Second Circuit Affirms “Fair Use” Holding In Authors’ Suit Over Google Books
10/29/2015Nearly two years ago, we wrote on this blog about the Southern District of New York’s decision ruling that the Google Books Library Project was protected by the fair use doctrine. Earlier this month, the Second Circuit affirmed that decision, in what may well turn out to be the final word on the legality of Google’s ambitious project. In practical terms, this decision means that for now, after more than a decade of litigation, Google Books is legally in the clear.
The case has been in litigation for nearly a decade. In 2005 authors filed suit on behalf of a putative class claiming that Google had infringed their copyrights by scanning, digitizing, indexing, and making publicly available short “snippets” of their books. Through its Google Books project, Google has made digital copies of more than 20 million books, which were submitted to it for that purpose by major libraries (without the permission of the submitted works’ authors). Google makes these books searchable by internet users, who can then view short “snippets” of, and basic information about, books that contain their searched-for terms. It stores the information on its servers, and also provides each library with access to digital copies of the works it submitted. The plaintiffs sought injunctive and declaratory relief as well as damages.
In March 2011, the district court rejected a proposed $125 million settlement, citing possible copyright and antitrust issues. Authors Guild v. Google Inc., 770 F. Supp. 2d 666 (S.D.N.Y. 2011). The following year, the court ruled that the authors could proceed as a class, see 282 F.R.D. 384 (S.D.N.Y. 2012), but the Second Circuit later vacated that ruling as premature and instead directed the trial court to consider Google’s fair-use defense, noting that that issue would “inform and perhaps moot” the class-certification issue. See 721 F.3d 132, 134 (2d Cir. 2013).
That directive proved prescient. In late 2013, the district court granted Google’s motion for summary judgment on the issue of fair use, and ordered the case dismissed. See 954 F. Supp. 2d 282 (S.D.N.Y. 2013.) The plaintiffs appealed to the Second Circuit (Docket No. 13-4829), which has now affirmed the district court’s decision. On appeal, the issue was whether Google’s copying of these books is protected by the fair use doctrine, which provides a defense against copyright infringement claims.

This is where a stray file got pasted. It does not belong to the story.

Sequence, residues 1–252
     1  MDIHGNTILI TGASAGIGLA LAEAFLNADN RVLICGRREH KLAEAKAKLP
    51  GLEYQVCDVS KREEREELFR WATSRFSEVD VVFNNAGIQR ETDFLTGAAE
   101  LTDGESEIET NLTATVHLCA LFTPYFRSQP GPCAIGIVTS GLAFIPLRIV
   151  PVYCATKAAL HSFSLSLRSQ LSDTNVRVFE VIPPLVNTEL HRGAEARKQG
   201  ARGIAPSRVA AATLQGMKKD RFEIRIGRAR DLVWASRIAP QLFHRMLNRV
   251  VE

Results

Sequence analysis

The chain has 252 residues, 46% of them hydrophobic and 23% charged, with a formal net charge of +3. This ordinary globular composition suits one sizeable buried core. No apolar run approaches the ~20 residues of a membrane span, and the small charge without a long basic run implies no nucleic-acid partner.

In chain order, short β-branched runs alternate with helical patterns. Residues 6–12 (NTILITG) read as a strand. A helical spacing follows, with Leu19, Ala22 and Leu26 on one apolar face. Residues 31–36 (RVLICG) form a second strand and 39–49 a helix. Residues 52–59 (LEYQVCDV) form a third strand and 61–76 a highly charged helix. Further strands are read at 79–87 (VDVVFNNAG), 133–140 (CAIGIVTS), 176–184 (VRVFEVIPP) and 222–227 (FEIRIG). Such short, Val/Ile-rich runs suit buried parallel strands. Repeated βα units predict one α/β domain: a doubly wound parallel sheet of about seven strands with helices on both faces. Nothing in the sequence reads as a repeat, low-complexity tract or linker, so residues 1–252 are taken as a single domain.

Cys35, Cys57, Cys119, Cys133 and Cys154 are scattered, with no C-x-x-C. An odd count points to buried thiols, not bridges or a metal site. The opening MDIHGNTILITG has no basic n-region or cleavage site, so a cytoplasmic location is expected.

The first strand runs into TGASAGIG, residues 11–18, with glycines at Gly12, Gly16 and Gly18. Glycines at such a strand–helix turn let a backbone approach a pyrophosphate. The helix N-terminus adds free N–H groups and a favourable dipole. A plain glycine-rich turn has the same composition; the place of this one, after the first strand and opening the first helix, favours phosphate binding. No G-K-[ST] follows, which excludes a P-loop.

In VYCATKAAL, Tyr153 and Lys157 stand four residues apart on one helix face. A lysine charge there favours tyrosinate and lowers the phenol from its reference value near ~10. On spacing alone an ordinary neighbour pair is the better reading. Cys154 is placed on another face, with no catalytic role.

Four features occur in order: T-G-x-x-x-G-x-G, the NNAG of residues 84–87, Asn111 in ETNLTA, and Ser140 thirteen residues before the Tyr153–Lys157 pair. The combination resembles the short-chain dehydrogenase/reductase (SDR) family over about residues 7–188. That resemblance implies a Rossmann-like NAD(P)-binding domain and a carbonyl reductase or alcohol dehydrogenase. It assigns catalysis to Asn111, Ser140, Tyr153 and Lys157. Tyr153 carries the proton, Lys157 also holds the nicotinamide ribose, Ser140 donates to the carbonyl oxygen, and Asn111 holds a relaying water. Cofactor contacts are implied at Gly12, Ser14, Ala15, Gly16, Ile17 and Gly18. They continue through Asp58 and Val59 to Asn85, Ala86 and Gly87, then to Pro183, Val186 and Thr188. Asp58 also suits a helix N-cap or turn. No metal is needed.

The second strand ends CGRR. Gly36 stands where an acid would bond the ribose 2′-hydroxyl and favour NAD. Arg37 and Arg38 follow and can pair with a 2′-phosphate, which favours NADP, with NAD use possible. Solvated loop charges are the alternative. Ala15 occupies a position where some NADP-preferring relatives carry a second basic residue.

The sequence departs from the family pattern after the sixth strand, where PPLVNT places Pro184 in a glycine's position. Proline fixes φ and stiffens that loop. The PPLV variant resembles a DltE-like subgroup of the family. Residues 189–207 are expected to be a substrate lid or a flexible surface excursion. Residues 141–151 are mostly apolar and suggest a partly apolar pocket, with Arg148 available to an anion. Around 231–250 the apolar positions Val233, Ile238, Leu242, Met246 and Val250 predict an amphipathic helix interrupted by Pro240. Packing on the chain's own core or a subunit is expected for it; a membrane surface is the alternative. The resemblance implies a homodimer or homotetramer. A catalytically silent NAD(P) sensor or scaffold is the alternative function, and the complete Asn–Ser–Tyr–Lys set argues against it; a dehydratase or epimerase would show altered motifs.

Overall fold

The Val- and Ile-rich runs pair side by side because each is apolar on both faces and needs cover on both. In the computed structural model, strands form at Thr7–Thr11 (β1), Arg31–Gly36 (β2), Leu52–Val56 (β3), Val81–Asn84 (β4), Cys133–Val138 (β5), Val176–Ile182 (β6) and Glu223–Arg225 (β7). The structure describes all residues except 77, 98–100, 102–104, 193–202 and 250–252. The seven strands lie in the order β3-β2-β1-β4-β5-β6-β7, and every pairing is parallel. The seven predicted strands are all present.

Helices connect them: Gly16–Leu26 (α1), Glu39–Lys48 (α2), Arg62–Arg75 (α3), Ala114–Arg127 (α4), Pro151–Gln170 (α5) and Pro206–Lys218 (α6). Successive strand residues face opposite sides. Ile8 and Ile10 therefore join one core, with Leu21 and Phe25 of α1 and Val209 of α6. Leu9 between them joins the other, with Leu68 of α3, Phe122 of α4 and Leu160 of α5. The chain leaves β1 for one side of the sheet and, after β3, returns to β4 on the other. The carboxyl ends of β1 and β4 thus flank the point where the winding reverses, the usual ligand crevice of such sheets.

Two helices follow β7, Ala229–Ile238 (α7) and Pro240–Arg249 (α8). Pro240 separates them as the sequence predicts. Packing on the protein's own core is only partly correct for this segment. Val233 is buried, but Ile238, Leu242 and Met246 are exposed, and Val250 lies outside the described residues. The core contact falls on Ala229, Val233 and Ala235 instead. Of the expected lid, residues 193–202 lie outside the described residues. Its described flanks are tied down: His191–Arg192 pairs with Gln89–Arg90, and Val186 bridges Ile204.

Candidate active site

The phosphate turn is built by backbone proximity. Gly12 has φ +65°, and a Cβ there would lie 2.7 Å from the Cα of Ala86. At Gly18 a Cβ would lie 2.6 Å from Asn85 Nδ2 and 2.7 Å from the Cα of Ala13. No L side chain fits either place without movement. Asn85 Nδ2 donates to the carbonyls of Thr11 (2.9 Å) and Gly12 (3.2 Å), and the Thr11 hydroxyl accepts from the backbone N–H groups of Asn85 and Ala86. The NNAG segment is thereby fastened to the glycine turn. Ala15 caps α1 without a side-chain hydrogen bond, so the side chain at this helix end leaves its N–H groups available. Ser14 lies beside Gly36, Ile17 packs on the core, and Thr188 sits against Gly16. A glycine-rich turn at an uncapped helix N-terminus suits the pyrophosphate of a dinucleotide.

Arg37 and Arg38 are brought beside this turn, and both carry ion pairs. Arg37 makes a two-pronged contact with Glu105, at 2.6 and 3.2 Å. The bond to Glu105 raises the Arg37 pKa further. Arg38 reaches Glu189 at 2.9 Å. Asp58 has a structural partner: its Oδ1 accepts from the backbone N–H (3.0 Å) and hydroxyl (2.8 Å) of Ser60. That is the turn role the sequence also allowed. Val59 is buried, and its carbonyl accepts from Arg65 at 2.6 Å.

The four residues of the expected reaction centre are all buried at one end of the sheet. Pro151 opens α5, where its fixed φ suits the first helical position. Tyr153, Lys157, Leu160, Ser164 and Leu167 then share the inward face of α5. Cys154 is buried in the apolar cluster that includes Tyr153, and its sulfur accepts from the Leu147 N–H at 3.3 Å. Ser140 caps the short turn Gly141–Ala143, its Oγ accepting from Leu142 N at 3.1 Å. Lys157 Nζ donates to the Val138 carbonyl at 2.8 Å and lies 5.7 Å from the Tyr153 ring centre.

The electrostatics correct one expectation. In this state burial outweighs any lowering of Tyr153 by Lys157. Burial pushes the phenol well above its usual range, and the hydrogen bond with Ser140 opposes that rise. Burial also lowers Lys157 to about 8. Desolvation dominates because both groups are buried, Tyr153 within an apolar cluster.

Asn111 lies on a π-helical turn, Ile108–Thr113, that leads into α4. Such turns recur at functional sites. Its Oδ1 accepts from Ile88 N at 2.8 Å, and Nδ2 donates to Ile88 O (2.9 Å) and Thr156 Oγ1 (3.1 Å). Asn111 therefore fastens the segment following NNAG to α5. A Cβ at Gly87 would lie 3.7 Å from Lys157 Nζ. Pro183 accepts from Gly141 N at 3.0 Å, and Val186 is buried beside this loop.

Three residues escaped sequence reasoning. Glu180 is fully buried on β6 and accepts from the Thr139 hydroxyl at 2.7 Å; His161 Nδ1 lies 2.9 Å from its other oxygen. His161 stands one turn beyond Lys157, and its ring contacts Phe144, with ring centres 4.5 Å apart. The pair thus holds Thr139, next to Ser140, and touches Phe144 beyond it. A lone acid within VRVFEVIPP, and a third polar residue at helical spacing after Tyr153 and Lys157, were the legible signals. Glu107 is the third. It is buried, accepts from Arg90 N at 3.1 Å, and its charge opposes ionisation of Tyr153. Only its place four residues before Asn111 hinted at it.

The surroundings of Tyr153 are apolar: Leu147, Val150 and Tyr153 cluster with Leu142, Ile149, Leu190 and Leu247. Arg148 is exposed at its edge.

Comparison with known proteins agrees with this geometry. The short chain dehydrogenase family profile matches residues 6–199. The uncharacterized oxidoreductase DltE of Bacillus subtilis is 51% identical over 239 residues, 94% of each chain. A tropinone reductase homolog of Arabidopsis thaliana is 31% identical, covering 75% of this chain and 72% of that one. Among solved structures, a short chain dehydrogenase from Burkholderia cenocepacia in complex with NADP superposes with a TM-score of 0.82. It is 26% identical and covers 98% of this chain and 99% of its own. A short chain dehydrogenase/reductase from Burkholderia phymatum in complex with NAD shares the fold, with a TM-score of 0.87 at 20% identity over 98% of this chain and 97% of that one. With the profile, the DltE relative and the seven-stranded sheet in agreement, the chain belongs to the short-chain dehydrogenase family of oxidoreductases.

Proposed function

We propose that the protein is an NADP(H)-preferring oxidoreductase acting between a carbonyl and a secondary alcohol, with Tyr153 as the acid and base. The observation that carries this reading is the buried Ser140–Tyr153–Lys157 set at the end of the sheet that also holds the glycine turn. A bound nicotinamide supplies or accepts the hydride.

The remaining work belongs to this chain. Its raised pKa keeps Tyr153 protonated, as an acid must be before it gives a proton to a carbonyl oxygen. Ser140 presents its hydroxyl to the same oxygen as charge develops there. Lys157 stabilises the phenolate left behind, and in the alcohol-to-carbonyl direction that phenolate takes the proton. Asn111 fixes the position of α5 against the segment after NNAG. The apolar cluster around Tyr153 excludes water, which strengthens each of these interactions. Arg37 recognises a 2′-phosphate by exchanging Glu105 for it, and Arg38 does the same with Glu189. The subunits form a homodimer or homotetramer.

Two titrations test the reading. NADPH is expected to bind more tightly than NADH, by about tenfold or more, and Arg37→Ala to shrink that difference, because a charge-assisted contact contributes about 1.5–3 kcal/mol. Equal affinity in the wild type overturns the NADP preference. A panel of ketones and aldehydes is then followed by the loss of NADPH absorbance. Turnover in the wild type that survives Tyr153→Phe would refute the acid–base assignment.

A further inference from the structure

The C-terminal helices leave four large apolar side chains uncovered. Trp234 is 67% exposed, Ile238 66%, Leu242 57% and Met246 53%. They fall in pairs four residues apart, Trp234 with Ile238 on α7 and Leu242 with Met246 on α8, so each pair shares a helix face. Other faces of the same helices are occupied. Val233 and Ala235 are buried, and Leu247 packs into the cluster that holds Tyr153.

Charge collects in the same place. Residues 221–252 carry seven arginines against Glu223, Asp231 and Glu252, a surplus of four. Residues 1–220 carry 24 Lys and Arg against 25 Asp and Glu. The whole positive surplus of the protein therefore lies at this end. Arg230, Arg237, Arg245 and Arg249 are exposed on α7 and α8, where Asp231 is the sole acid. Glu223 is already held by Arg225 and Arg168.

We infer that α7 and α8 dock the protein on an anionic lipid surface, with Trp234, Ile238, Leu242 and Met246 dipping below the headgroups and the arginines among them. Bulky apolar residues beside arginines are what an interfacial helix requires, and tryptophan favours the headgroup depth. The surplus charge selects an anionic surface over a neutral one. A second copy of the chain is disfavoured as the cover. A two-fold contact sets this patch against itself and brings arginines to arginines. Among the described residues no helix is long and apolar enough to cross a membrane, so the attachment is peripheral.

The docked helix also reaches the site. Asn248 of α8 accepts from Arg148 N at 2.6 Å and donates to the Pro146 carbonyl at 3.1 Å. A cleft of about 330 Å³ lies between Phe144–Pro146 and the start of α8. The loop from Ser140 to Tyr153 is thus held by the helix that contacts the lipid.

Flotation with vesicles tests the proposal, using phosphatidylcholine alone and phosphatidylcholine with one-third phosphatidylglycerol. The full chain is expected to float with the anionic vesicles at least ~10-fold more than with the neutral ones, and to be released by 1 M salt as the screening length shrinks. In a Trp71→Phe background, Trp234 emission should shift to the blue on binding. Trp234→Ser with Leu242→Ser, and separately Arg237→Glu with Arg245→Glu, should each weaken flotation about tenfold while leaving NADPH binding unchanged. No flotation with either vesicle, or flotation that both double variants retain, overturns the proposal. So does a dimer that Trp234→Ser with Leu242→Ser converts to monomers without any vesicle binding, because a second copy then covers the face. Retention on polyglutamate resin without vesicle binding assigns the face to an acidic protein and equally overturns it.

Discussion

Federal copyright law provides four non-exclusive factors (see 17 U.S.C. § 107) to be considered in determining whether a given use of copyrighted material is “fair use,” and therefore permissible without the copyright holder’s consent: (1) the purpose and character of the use (for example, whether it is commercial or educational); (2) the nature of the copyrighted work; (3) the amount and substantiality of the portion used in relation to the copyrighted work as a whole; and (4) the effect of the use upon the potential market for or value of the copyrighted work.
The appellate panel held that Google’s copies serve a very different purpose than the original works; the project augments public knowledge by making the books searchable, and by making available certain information about the books, but does not create a substitute for the actual books themselves. The authors emphasized Google’s ultimate commercial motivation, arguing that although Google derives no revenue directly from Google Books, the project is nevertheless part of Google’s strategy for dominating the internet search market. The court dismissed these concerns as insufficient justification for denying Google’s fair-use defense, noting that there is no strict presumption against fair use simply because the defendant is a for-profit enterprise; rather, a commercial motivation need not “outweigh a convincing transformative purpose and absence of significant substitutive competition with the original.”
The plaintiffs emphasized Google’s copying of the entirety of each book, but the court responded that even total copying can be fair use where the copying “was reasonably appropriate to achieve the copier’s transformative purpose and was done in such a manner that it did not offer a competing substitute for the original.” The court emphasized that the copying of the entirety was necessary to accomplish Google’s searchability objectives, and that the full copy is not revealed to the public; rather, the public sees only the “snippet view,” which is carefully limited.